In a Nutshell:
- Firearms have surpassed motor vehicles as the leading cause of death among youth
- Public health principles have reduced motor vehicle fatalities for decades, and continue to offer ways to make our roadways safer
- Public health offers lessons on the variety of policies that can reduce and prevent gun violence
Punctuated by one shocking and tragic report after another, violence involving firearms has become a seemingly common occurrence in the United States – a continual cadence of carnage that plagues our communities. From Oxford (MI) down to Uvalde (TX), the issue of gun violence (particularly among youth) is ubiquitous, pervasive, and, according to current data, growing.
Mortality data show a 13.5 percent increase in firearm-related deaths from 2019 to 2020. This increase was driven primarily by a 33.4 percent increase in firearm homicides. The crude rate of firearm suicides increased by 1.1 percent during the same period.
Among children and adolescents, firearm-related deaths increased by almost 30 percent (more than double the 13.5 percent increase in the general population). As a result, firearm-related deaths surpassed motor vehicle fatalities, becoming the leading cause of death among young Americans.
Leading Causes of Death among Children and Adolescents in the United States, 1999-2020
Drug overdoses and poisoning also increased, becoming the third most common cause of death among children and adolescents. Certainly, these shifts in mortality are in part associated with the growing youth mental health epidemic. Although policies to advance mental health in Michigan–including those in the recently-passed federal gun safety legislation–are important and long overdue, gun violence is a multifaceted problem that warrants a multidimensional policy response based upon public health principles of risk factor identification, injury prevention, and harm reduction.
As policymakers weigh options to address gun violence, transportation policy may prove to be a valuable source of inspiration.
Public Health and Motor Vehicle Fatalities
The story of firearm-related injury becoming the leading cause of death among American youth is also a story of substantial reduction in motor vehicle fatalities. While tens of thousands are killed (and millions injured) each year by motor vehicle crashes, the rate of motor vehicle fatalities was dramatically reduced in the 20th century by a variety of policy interventions. In fact, improvements in motor vehicle safety are commonly regarded as one of the greatest public health achievements of the 20th century.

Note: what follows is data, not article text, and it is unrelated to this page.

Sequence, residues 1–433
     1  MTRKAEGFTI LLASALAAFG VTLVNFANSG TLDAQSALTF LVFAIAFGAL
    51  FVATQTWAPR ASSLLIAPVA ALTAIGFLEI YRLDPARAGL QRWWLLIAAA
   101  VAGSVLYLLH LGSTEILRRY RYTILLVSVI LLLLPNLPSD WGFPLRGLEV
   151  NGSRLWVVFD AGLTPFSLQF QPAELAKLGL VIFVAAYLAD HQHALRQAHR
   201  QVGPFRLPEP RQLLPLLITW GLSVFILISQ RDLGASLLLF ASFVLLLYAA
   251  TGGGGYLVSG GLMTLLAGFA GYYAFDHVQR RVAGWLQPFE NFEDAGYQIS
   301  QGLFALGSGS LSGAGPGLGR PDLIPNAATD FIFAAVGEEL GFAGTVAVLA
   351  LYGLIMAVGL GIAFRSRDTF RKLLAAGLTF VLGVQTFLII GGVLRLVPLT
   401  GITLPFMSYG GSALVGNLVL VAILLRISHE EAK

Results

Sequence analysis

Public health works to identify risk (and protective) factors that affect the incidence of disease or injury in a given population or geographic area. By targeting underlying causes of disease and injury, public health works to prevent (or reduce) harm and promote individual and community well-being. Public health researchers and practitioners also work with communities and stakeholders to develop, implement, and evaluate policies and programs to promote and protect health.
The public health approach to transportation safety works in multiple domains: the built environment (e.g., roadway design and lighting), vehicle safety features (e.g., seat belts, airbags, etc.), human behavior (e.g., drivers’ training and licensure and traffic laws), and external factors and attitudes (e.g., impaired or distracted driving).
These domains necessarily have a high degree of interdependence. For instance, campaigns against drunk driving have worked for decades to change societal attitudes and behaviors. Similarly, speed limits and seat belts are only effective if there is driver adherence to traffic laws. When Michigan began working in the early 1980s to implement a fine levied against those who failed to “buckle up,” opponents claimed seat belts were harmful and called them tyrannical threats to personal liberty (rhetoric that will be familiar to anyone who followed public health guidance on face masks during the COVID-19 pandemic). According to the Detroit Free Press, former Michigan Rep. David Hollister, who introduced the bill to require seat belt usage, was likened to Hitler. And yet, opposition gradually waned and changing the law has ultimately saved many thousands of lives.
Seat belt usage is now commonplace – a substantial change from the roughly 14 percent rate of seat belt usage in the early 1980s.